As more solar panels go up on homes and businesses across the state, lawmakers in Helena are debating the economic incentives for doing so. Buying solar panels isn’t cheap, and it’s an investment that Norman Mullen, who lives in Helena, hopes new legislation can protect.
"I have installed a solar electric system on my house. The system and the reconstruction of my deck, walls and roof, and the solar electric system cost close to $20,000 about 9 years ago," Mullen said.
He told lawmakers that he made that investment based on how much electricity his solar panels could produce. Any excess power he generates gets fed into the electrical grid, and he get credits that lower his utility bill.
If utility regulators and power companies change how the energy his solar panels produce is valued, it could tank the investment he made in adding them to his home.
"If the legislature or the Public Service Commission, and with their blessing, Northwestern (Energy), could alter the contract of which I have a significant investment I could have my economic expectations significantly affected, making it very difficult for me to pay it back on any responsible period," Mullen testified.
Representative Daniel Zolnikov, a Republican from Billings, wants to protect home energy generators like Mullen. He’s sponsoring a bill that would lock utilities’ reimbursement rates for people who’ve already made the investment in home power systems.
"This bill seeks to formalize and protect the crediting rate that customer-generators receive at the time they sign up for this service," Zolnikov said.
No one in Montana’s energy industry testified against the bill. But Northwestern Energy, Montana’s biggest electric utility doesn’t like a second proposal by Representative Zolnikov.
That bill would allow federal, state and tribal government-owned buildings to get a bigger rebate from electric utilities for the energy they’re able to generate from things like solar panels and feed back into the electrical grid. Right now, those rebates are capped at 50 kilowatt hours.
“Increasing this cap for these government buildings allows for government administrators the ability to reduce some operating expenses and plan more responsibly for power costs,” Zolnikov said.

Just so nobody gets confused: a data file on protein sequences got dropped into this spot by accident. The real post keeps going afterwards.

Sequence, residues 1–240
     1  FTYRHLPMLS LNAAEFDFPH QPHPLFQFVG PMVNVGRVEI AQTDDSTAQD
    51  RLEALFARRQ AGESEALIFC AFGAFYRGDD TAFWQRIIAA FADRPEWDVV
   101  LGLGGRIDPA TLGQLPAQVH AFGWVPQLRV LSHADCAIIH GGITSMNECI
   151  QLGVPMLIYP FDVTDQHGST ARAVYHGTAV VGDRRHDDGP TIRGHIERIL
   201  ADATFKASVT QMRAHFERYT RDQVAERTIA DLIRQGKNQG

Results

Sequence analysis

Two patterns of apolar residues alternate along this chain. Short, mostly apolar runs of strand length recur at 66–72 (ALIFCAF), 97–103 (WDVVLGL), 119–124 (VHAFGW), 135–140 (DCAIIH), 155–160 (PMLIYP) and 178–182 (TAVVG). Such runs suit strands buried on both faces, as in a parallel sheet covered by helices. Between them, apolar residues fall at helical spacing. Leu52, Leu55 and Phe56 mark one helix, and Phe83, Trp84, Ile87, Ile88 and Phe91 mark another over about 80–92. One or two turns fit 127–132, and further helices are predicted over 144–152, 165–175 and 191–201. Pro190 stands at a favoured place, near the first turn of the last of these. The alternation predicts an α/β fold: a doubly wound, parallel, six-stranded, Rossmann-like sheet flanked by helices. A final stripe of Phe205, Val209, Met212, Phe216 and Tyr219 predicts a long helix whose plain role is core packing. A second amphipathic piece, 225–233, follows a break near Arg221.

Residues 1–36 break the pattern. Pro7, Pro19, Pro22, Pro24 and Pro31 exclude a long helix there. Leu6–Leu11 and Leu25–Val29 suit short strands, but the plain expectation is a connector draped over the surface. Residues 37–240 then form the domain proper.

He says the current cap on credits for surplus energy produced might discourage some governments from investing in renewable assets, like solar panels. He says it’s an argument based on economic scale - it may not make economic sense for some larger institutions to build renewable capacity unless they could get a certain economic return from it, in the form of lower utility bills.
But, John Alke with Northwestern says growing the ca p on rebates for renewable energy by five times its current amount, which Zolnikov is proposing, would harm to Montana utility rate payers.
"The reason for the limitation is to cap the amount of the subsidy," Alke said. "It’s a linear relationship. There is a real cost to solar. And it is paid for by the customers who don’t have solar."
Alke says solar isn’t always a reliable source of power. So, Northwestern has to have other sources, like coal and natural gas, ready for when the sun isn’t shining, and everyday ratepayers, Montana consumers, pay for those facilities in their utility bills.
"Low income people and people of modest means, they don’t care about tax credits, they can’t buy ten, fifteen, twenty thousand dollar investment to get a tax credits and save money on their power,” Alke said.
Montana-Dakota Utilities, which serves eastern Montana, also testified against the bill proposal for similar reasons.
Representative Daniel Zolnikov disagrees with the utility companies’ argument that the cap on how much renewable energy government buildings can generate is a subsidy.
His bill is being supported by the renewable energy industry and its advocates, as well as wildlife and university student groups, and the Montana Department of Environmental Quality.
More proposals to change net metering laws will be heard in Senate committees Tuesday afternoon.